Important Note: The information on this page is written for a very wide audience, but there are a few exceptions to some of the things I’m saying for certain core categories. You’ll find notes specific to each category at the bottom of the pageIf you’ve already read all of this and just need a document or link, head on over to the shorter version. We are not yet assessing the Distribution courses.

 

Thank you for teaching a course in the new Core! Everyone on the Core Committee recognizes and appreciates that teaching a Core course requires a little bit extra from instructors—from applying for a Core designation to designing a new course or re-tooling an existing course.  Because you’ve made it this far, it probably comes as no surprise to you that assessment of the new Core is going to require a bit extra from you.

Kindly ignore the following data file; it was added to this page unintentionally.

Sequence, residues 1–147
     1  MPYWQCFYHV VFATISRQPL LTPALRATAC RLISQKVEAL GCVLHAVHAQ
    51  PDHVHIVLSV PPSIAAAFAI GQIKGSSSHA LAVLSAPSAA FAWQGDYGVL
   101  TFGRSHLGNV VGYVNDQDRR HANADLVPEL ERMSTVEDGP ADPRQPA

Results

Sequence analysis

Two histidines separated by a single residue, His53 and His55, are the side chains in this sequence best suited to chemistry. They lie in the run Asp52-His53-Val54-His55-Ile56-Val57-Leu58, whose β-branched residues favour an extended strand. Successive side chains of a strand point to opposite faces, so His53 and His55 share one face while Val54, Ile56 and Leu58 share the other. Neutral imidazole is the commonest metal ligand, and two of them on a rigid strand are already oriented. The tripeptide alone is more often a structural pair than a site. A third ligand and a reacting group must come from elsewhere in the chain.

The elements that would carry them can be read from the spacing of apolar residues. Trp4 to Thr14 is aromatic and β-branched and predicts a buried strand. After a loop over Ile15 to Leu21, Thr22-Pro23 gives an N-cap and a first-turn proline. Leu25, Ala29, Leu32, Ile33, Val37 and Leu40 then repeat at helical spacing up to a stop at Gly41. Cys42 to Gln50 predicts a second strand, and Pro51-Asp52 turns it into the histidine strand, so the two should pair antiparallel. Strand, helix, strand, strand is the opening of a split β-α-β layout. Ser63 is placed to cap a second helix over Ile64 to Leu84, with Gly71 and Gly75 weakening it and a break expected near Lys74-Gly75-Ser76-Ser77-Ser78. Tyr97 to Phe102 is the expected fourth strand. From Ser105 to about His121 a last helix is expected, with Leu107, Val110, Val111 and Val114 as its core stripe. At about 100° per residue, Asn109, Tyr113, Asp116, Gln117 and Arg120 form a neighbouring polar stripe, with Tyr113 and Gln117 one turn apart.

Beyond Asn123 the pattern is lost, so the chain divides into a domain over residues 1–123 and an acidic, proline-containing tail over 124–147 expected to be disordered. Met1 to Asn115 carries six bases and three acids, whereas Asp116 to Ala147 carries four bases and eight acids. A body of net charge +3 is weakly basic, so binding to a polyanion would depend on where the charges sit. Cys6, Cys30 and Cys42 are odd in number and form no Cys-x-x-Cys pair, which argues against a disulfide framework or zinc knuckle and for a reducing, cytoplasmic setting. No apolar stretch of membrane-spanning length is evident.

.

“Okay, Todd, what do I need to do?”

You need to select an assignment (or multiple assignments) from your course that you can evaluate to see how well students did in meeting the learning goals for your core category. Once you’ve selected your assignment(s) you’ll need to fill out rubrics for each student’s work and submit the rubric scores to the Assessment Office along with electronic copies of the assignment and the student work.

 

“That doesn’t sound too terrible, but I have a lot of questions.”

Sure, go ahead.

 

 “What are the learning goals for the different categories of Core classes?”

Just click on the link below to get a convenient summary of the learning goals for your category: